"As with most things Apple, there’s a certain inevitability about its success, even if it takes a few years and several iterations to get there." Three little words: Lisa and Next.
    So much for inevitability. Ah, but that was long ago....

  8. david marks from self, March 11, 2015 at 9:56 p.m.

    So perfectly said, Barbara! There’s no accounting for over indulgence, and frankly, it’s not a pretty thing. So much for tempered beauty, so much for Rolex and the handsome, if sexy, timepiece. This one’s not for me, and frankly, nothing gold is golden in time. Stick to your Timex.

  9. Susan Klein from Oculus Marketing, March 12, 2015 at 1:15 a.m.

    I scratch and bump my watch far more often than I drop my safety-encased phone. So what happens when I accidentally whack this chunky piece of wristnology against, for example, the heavy front entry door of my office building? Will Apple provide a lifestime supply of bubblewrap?

  10. Marke Rubenstein from Skull Communications llc, March 12, 2015 at 10:33 a.m.

    Ah, to be as eloquent as you. So well said. I don't know anyone that wears a watch. Certainly not even well- to- do millennials who get the time (when they want it) from their ever present phones. Will be interesting to see what happens. Maybe rappers will adopt it for music videos? What rhymes with dumb ass apple watch?

  11. Barbara Lippert from mediapost.com, March 12, 2015 at 11:15 a.m.

    Thanks for the great comments, everyone. No doubt apps are being created-- who knows what can happen? And yes, I left out the famous lyrics of that storied Chicago hit , "Does anyone really know what time it is? Does anyone really care?" Apparently, yes!

  12. Anne Dodd from self, March 12, 2015 at 11:30 a.m.

    How can an 18kt watch be twice as strong as regular gold? The higher the kt weight, the softer the metal. Are they alloying it with kryptonite?

  13. Barbara Lippert from mediapost.com, March 12, 2015 at 11:40 a.m.

    Good point, Anne! It's mixed with alloys-- some metallurgical breakthrough.;-)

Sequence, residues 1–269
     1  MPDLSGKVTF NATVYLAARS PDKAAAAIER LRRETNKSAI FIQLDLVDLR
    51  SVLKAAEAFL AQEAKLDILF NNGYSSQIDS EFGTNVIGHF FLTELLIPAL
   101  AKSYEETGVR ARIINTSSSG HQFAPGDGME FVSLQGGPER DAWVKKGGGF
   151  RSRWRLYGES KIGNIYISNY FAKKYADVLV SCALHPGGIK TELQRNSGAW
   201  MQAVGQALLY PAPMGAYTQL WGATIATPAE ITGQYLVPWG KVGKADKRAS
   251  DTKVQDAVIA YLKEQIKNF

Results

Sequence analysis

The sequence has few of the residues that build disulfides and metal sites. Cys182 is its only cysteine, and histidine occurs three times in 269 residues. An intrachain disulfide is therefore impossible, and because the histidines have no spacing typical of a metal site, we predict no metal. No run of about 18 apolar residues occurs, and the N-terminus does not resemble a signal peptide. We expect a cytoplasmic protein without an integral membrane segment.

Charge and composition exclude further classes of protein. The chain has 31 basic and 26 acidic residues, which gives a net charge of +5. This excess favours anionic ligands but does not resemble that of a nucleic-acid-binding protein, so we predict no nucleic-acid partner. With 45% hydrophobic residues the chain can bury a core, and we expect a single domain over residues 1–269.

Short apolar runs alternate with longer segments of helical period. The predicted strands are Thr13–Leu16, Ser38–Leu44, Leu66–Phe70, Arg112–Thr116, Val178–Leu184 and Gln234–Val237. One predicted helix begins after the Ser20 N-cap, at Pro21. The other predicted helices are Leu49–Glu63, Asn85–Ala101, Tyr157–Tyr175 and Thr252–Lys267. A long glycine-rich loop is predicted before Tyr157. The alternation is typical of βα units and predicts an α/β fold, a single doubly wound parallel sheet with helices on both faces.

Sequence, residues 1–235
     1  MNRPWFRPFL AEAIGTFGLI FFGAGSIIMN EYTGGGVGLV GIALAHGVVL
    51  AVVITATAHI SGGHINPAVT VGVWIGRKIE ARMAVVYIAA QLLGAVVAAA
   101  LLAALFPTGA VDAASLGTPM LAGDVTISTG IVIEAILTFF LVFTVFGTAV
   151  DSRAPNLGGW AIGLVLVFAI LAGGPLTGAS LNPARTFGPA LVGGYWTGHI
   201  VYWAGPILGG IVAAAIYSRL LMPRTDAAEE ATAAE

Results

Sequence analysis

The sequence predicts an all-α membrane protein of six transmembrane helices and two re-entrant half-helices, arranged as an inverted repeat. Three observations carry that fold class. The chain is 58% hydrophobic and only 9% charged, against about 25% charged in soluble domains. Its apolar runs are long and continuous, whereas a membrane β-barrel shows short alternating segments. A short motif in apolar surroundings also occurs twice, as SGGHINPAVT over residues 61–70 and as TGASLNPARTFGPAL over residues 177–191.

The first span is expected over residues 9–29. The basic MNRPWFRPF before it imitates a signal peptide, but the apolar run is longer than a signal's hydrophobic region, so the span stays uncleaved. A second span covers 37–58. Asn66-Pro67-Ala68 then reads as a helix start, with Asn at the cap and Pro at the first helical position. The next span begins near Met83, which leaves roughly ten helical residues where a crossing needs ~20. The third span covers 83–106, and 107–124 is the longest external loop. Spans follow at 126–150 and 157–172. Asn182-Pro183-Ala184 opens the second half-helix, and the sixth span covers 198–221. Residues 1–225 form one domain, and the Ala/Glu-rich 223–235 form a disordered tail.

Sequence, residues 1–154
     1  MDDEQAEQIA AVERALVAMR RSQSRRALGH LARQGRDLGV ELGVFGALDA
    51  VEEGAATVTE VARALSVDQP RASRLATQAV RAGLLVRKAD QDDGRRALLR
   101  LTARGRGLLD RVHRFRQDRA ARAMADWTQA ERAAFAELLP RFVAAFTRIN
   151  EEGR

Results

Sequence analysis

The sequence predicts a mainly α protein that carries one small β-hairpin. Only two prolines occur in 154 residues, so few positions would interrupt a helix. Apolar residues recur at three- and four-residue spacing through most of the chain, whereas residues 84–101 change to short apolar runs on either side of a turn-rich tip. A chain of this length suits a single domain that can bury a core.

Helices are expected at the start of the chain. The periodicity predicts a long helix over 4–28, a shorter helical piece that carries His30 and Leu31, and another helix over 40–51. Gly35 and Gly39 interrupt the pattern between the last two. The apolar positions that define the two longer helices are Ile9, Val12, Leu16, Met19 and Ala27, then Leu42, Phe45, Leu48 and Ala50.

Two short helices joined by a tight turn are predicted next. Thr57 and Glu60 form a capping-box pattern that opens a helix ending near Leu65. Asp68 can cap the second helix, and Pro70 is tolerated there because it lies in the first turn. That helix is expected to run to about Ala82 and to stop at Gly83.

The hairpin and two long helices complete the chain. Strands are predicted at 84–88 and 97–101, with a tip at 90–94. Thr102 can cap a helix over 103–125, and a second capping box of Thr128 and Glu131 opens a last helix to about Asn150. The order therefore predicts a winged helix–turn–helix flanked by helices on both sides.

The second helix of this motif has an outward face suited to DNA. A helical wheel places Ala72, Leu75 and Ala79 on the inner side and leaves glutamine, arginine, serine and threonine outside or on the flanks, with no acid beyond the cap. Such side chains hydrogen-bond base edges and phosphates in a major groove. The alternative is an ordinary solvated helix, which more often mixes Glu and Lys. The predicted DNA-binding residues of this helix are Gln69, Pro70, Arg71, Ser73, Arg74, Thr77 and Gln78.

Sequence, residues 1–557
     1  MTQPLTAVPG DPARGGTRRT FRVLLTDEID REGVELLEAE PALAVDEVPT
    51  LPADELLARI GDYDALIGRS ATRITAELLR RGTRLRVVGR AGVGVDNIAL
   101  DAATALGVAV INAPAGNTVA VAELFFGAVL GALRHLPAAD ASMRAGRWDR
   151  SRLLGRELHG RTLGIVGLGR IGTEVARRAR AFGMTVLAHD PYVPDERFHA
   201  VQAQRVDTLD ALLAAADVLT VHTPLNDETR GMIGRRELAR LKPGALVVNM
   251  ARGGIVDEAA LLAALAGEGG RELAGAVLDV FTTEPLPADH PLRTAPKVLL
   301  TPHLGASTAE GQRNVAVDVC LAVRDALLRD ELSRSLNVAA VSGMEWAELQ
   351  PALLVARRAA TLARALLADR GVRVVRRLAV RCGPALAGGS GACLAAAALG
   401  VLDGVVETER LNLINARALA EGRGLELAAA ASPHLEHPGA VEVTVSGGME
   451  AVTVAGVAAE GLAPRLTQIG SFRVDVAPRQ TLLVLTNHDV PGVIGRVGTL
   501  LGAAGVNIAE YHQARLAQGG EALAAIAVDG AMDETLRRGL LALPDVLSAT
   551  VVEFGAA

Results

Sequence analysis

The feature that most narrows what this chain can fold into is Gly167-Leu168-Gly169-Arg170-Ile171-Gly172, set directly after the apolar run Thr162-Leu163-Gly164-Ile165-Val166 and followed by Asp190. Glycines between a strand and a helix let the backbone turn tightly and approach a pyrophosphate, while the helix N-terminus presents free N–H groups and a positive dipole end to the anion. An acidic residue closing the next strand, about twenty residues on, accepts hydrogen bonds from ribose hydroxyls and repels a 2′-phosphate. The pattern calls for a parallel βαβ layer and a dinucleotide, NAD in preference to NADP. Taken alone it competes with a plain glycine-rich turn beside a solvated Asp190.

14. Maxwell from eMaximize, March 12, 2015 at 12:18 p.m.

    Agree with many ... so sick of tech companies ruining society. Just came back from San Francisco where i lived for 14 years. The city is over run with tech nerds with zero social skills, understanding of personal space and manners. I felt like I was in China.

  15. Barbara Lippert from mediapost.com, March 12, 2015 at 8:59 p.m.

    I forgot to mention that the ads are beautiful, but the watch itself is not.

  16. Nicholas Schiavone from Nicholas P. Schiavone, LLC, March 12, 2015 at 9:26 p.m.

    It's all about the price! They almost had me at tick tock.
    The Apple Watch should never have cost more
    than an iPhone or iPad.
    So little utility, so much dough.
    Could be Apple's Microsoft moment, Barbara?
    Let's relax and enjoy this Harvard Business School
    Case Study (OK! Stanford Business School.)
    New Coke lives again in the Apple Watch.
    Don't forget. Order now while you can still by the dream...
    that will become your financial nightmare.
    Although the target market only includes the rich as Croesus
    kings & queens of Silicon Slick Alley, really any fool can get one.

  17. Jim English from The Met Museum, March 13, 2015 at 1:12 p.m.

    Thanks Barbara. This Luddite says the Watch is one-half pair of handcuffs. And with all that gold the thing must be heavy. At least you can put an iPhone or iPad in your bag when you're not using it.